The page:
Kwarter au 20h de TF1

Allez, un peu d'auto promotion, ça fait toujours plaisir d'être diffusé sur une chaine de TV nationale, au 20 heures de surcroît. Merci TF1 pour l'interview.

Feb 12th, 2014. French President visits San Francisco

I won't waste your time and my time enumerating all the bad things the current french government did so far. Instead, I will propose you to play a game. Actually, my first ever made game. I just discovered Unity. This tool is awesome.
I leveraged this rainy Saturday in San Francisco to prepare the venue of the french President François Hollande next week. I hope he will enjoy this game as much as I do. It is also a good training tool for my friend Carlos Diaz who will meet with him.
So let's go, what's your score?

Être copié est la plus grande des flatteries.

Aujourd’hui, nous avons découvert des concurrents français : Même positionnement stratégique, même vision, même coeur de métier, mêmes clients, même message, même …. mais attendez, c’est exactement le même site internet !!!!

Le site web de Kwarter (mai 2013) :

Le site de Gamific (novembre 2013) :

Incroyable n’est-ce pas ? Les copieurs n’ont même pas pris la peine de remplacer notre logo sur la page de l’équipe… 

Ici à Kwarter nous prenons ça de manière plutôt sympathique (nous leur avons envoyé quelques messages amicaux et humoristiques) mais honnêtement, comment penser pouvoir réussir à créer une société innovante et respectée sans faire preuve d’un minimum d’imagination ?

A bon entendeur, salut !

[UPDATE : Le site n'est plus accessible à l'heure où je vous parle]

Etre entrepreneur en 2013...

Etre Entrepreneurs en 2013 n'est pas facile. Cette présentation aime à le rappeler, sur un ton léger et divertissant. Le "wantrepreneur" y trouvera quelques petits conseils qui le motiveront à vivre la grande aventure.

Cette présentation a été inspiré par un post de Mark Susters dans lequel je me suis beaucoup retrouvé. Je vous recommande la lecture du blog de cet entrepreneur devenu investisseur.

2013, the year of #socialtv

In 2013, the television is not dead. Higher definition, bigger screens, slicker design, hundreds of channels, we watch TV more than 3 hours a day in average.
But for some time now, the first screen gets some competition: notebooks, tablets, smartphones, all these cool devices have invaded the living room.
Let's have a closer look of what is called Social TV.

Majority of our daily media interactions are screen based

Our time online is spread between 4 primary media devices

TV is still the screen the majority of us are using the most during our leisure time. The big surprise is the way we watch TV in 2013.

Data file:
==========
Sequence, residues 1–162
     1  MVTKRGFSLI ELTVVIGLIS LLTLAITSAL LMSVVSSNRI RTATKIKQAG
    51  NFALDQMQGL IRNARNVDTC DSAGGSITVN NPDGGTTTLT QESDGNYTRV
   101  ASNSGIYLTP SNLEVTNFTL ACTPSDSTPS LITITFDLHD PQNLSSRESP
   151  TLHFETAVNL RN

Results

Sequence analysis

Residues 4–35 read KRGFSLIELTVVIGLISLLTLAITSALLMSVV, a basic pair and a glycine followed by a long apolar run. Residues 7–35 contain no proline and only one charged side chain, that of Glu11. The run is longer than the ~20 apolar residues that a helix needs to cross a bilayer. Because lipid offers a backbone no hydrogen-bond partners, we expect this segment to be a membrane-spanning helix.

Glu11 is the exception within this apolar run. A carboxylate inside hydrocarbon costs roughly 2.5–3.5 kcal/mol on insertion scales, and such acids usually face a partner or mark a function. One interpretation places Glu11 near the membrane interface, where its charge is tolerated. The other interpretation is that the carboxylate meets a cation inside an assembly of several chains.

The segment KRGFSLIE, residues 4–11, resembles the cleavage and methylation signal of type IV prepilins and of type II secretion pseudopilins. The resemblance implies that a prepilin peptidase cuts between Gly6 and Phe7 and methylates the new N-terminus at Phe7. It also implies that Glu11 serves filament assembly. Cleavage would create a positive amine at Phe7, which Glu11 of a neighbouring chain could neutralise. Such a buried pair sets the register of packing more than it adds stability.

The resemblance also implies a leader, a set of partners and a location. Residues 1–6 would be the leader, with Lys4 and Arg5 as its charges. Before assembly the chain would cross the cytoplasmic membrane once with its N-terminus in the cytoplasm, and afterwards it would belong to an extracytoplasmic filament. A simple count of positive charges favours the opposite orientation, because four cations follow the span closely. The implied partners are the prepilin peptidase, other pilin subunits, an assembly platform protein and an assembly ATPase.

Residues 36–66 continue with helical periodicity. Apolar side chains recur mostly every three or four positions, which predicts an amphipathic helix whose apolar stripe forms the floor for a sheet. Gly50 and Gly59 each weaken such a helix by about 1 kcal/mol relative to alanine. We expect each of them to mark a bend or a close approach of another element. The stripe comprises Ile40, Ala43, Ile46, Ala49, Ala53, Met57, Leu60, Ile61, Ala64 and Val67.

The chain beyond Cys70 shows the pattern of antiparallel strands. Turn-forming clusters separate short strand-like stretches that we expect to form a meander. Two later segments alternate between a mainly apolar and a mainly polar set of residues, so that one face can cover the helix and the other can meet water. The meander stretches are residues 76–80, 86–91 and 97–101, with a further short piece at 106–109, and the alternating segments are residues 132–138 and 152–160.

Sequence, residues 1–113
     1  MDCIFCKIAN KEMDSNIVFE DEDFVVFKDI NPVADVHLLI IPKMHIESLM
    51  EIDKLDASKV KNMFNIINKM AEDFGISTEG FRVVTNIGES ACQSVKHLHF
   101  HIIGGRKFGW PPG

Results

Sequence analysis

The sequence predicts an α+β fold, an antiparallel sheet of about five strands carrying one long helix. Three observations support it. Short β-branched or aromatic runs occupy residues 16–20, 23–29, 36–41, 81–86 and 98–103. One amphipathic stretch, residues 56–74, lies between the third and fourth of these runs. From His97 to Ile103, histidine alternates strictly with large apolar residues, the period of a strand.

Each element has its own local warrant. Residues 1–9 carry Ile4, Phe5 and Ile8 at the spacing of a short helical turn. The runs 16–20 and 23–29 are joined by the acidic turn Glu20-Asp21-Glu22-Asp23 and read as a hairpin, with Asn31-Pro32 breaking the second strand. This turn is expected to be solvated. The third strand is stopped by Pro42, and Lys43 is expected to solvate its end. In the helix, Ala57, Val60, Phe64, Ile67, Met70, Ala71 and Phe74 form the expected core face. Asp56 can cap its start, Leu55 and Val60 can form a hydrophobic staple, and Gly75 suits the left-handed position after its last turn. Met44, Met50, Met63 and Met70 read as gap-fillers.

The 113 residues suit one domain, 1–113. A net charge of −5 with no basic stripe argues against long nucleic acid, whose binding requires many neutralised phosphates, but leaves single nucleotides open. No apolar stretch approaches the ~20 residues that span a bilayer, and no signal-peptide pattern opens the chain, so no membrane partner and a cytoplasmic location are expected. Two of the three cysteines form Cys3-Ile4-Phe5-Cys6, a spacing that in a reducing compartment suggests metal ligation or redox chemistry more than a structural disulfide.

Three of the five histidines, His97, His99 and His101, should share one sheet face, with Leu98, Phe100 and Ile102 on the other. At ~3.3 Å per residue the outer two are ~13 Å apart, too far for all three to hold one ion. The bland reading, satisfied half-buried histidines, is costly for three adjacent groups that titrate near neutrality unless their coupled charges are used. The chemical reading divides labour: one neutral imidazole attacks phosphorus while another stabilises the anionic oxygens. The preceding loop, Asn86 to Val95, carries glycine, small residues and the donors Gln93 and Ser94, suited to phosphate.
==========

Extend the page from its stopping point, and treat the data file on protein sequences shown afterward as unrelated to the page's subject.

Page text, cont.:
77% use another device while they watch TV

Obviously viewers' attention is decreasing from the big screen.
What do the viewers do on their other devices while they watch TV?

This is where Social TV comes. Social TV refers to technologies surrounding television that promote communication and social interaction related to program content. It's hard to tell how many of these 77% described above are interacting with what they're watching but it's on this dimension that brands and broadcasters start to actively work on. 2013 will be a huge year for Social TV.

Social TV ecosystem

I've identified 4 main groups of actors in the Social TV space.

The first group is composed of companies like Twitter whose services have been diverted from their initial usage but, because they are simple and easy, reliable and mainstream, work pretty well to share emotions when watching TV.

Then we have dedicated startups like Viggle, GetGlue or Zeebox that want to impose their supremacy to users by developing their own brand, proposing a richer second screen experience on top of the TV layer (discussions, interactions, etc.)

Afterwards, there are the brands, torn between selling their soul to these startups or creating their own second screen solutions.

Finally, there are the broadcasters, trying to protect their business by managing the entire viewer experience from A to Z, and attempting to stop the bleeding of advertising revenue that switches slowly towards the online side. (Online advertising is projected to overtake TV advertising by 2016.)

What can Social TV bring to users, brands and broadcasters

Depending on which side you are, you are not expecting the same from Social TV. If you are a viewer, you may want a richer experience like additional informations pushed to you in real-time when you watch a drama, a predictive game or trivia to play with friends along the actions of a football game, an opportunity to buy the products you see, or a way to express your opinion during a political debate.

If you are a brand, it's a fantastic opportunity to interact directly with your customers and get more informations on their behavior. It's a new way to advertise without being interruptive. It's a perfect solution to measure instantly the results of an operation and get accurate KPIs.